The autonomous monitoring system consists of Avular’s Vertex drone platform equipped with a camera and artificial intelligence from ADI.
To facilitate navigation inside the greenhouse, Avular will install beacons of the Spectrum Ultra-Wide Band navigation system in the greenhouses, which allows the drone to fly autonomously through the greenhouse and to collect image data of the plants. These images will be analyzed by the artificial intelligence from ADI to identify crop growth stages and plant diseases.
Flying inside greenhouses is challenging. First of all, the drone should be very good at recognizing glass walls and roofs to avoid crashes; something that is very difficult with visual sensor types. To solve this problem, Avular will test different sensors to optimize this on the drone. Another challenge is the warm and humid climate in greenhouses. The drone and the navigation infrastructure need to be adapted for long term deployment under these conditions. This requires redesign of the mechanics and electronics of these systems.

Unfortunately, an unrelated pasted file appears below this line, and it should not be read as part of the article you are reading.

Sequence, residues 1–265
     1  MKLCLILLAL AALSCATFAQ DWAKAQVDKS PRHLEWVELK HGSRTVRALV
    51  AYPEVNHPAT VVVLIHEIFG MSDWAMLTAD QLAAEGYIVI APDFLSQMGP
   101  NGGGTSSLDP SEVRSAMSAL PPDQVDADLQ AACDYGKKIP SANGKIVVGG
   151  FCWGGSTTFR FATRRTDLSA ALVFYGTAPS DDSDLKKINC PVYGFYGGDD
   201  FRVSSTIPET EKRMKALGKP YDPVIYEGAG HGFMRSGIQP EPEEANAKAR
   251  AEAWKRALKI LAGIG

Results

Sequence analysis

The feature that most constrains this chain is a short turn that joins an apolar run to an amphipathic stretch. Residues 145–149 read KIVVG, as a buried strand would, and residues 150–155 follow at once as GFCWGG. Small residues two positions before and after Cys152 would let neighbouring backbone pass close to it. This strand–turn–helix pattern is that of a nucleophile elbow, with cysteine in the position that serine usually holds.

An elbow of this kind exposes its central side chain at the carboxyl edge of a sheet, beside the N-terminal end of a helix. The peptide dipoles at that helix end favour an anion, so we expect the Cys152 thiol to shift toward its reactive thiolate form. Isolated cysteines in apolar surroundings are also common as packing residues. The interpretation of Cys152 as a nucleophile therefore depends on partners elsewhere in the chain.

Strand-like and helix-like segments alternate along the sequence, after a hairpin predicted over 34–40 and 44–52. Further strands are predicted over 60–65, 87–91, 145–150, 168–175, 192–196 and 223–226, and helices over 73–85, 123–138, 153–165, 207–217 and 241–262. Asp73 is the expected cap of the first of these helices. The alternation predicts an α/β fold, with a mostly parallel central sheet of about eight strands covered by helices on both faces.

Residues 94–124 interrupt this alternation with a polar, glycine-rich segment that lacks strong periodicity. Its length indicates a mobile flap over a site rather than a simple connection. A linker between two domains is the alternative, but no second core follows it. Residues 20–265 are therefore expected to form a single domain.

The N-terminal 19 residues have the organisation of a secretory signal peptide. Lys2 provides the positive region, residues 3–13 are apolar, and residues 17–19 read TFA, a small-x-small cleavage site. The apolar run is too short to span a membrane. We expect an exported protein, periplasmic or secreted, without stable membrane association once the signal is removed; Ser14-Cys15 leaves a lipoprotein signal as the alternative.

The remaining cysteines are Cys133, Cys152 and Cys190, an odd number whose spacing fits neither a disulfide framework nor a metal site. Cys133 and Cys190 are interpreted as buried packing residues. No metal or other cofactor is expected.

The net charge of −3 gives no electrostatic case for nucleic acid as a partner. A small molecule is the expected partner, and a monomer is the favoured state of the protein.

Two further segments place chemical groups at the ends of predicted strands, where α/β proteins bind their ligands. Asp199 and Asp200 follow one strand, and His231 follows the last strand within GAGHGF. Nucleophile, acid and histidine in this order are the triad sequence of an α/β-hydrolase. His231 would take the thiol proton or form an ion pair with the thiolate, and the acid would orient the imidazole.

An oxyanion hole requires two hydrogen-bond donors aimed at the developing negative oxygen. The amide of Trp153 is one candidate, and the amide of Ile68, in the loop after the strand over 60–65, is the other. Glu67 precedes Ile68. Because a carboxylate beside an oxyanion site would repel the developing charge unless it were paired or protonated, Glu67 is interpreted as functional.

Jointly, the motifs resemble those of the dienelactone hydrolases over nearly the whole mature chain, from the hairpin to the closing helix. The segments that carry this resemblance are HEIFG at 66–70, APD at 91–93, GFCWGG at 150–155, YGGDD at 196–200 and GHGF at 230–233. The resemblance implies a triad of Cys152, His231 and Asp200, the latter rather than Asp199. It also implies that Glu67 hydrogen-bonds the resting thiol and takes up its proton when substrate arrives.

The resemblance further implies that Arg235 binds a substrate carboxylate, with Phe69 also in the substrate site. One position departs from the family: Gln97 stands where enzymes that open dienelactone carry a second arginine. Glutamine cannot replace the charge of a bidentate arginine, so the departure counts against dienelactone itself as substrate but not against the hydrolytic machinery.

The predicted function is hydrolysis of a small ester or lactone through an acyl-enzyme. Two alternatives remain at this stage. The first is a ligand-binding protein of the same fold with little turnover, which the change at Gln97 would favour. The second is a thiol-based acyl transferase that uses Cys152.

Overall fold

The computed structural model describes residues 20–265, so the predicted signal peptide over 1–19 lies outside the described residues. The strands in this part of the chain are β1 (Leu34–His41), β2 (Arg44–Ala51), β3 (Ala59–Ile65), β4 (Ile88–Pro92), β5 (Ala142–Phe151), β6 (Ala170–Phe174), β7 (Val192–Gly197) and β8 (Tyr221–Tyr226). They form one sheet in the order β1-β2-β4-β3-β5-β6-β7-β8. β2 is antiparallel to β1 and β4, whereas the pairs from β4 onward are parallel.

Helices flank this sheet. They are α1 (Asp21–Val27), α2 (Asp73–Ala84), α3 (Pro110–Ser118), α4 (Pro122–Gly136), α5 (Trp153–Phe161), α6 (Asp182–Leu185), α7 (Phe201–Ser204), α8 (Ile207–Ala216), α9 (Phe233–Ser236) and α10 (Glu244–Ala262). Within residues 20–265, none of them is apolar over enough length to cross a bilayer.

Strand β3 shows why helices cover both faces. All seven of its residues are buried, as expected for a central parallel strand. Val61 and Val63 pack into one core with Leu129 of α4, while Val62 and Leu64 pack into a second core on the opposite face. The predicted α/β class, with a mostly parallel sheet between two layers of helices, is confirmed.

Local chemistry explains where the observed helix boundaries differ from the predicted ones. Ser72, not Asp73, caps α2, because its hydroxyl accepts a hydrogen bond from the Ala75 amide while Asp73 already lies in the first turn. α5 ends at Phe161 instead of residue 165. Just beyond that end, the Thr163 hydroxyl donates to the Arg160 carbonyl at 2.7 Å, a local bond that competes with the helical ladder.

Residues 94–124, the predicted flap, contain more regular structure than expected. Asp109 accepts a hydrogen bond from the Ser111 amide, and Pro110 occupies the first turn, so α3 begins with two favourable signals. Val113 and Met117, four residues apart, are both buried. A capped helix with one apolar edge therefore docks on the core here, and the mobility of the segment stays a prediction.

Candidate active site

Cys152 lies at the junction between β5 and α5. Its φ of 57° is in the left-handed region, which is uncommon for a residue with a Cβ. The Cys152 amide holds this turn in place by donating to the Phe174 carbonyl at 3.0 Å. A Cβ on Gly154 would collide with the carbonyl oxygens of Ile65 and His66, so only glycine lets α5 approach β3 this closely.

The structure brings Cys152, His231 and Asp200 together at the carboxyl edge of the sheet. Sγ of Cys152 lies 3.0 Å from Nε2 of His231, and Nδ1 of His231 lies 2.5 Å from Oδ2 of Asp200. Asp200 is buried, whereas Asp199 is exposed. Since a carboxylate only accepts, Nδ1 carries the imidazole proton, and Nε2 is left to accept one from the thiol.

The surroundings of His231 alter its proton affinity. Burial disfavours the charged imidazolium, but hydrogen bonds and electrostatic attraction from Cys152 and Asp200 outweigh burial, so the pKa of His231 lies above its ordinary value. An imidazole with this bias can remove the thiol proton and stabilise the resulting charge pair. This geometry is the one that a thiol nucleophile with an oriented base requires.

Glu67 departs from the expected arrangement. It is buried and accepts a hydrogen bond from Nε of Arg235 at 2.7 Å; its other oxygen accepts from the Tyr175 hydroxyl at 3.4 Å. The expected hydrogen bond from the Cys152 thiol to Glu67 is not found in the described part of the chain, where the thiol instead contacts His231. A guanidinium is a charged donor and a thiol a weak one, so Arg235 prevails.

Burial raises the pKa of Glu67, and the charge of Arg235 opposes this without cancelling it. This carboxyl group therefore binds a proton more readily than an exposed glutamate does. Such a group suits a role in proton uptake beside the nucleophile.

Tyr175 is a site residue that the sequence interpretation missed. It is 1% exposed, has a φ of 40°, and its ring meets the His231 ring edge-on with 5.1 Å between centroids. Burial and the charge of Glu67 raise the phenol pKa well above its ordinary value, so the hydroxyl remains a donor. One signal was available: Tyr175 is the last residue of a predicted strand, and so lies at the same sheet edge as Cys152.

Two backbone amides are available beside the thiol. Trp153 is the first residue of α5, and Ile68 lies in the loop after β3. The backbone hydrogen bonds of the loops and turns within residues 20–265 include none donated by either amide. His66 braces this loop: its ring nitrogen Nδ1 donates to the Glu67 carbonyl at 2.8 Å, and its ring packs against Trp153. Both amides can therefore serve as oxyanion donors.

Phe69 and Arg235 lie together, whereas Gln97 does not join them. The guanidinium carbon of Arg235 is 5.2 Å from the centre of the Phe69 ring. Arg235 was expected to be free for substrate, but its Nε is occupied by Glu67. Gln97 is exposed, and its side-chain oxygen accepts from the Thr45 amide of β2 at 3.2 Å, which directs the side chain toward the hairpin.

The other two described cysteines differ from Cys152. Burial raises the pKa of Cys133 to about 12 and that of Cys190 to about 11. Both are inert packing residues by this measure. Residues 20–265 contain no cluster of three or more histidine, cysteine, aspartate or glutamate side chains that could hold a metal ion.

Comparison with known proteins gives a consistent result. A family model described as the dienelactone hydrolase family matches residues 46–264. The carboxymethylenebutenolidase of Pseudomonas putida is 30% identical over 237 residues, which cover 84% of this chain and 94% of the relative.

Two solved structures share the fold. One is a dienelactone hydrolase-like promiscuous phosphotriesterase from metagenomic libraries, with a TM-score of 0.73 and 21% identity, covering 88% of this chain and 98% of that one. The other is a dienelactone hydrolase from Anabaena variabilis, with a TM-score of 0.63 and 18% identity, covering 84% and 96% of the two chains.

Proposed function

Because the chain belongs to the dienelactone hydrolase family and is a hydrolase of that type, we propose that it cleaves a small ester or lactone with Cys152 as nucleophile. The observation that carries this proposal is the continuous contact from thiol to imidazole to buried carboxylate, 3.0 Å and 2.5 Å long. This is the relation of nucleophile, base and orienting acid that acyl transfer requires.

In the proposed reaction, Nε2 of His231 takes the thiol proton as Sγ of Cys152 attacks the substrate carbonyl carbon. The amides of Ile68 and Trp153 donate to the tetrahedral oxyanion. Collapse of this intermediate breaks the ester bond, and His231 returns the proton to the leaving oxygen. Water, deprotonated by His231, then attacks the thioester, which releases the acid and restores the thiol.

When the drone is ready to fly in the greenhouse, it will need something to stabilize the camera during the flight. Otherwise, the camera may record unsharp images when the drone makes turns or other sudden movements. To prevent this from happening, Avular will develop a camera module with gimbal to facilitate high quality data collection with the drone.
In turn, ADI will develop the artificial intelligence to analyze the visual data acquired by the drone. To do so, the AI will be trained to recognize healthy and unhealthy plants. This is done by feeding the AI a large quantity of training pictures of healthy plants and plants that are infected with the top-5 plant diseases.
So far, Avular has worked on height estimation of the drone in the greenhouse. Accurate height estimation is vital to prevent the drone from flying through the roof of the greenhouse. We have discovered that a barometer can’t be used for this. We now integrated a stereovision camera on the drone for height estimation. This seems to work very well and will soon be tested in the greenhouse.
Meanwhile, ADI has been working on an elaborate simulation to calculate the effects of greenhouse conditions on the UWB system that is used for navigation. The results of this simulation will be used to improve the UWB system.
Hopefully, the autonomous monitoring system will be finished by the end of 2020. In the future, the functionalities of this autonomous monitoring system can be extended by gathering more types of data or by equipping the drone with end effectors that allow precision farming.
Partner: ADI applied drone innovations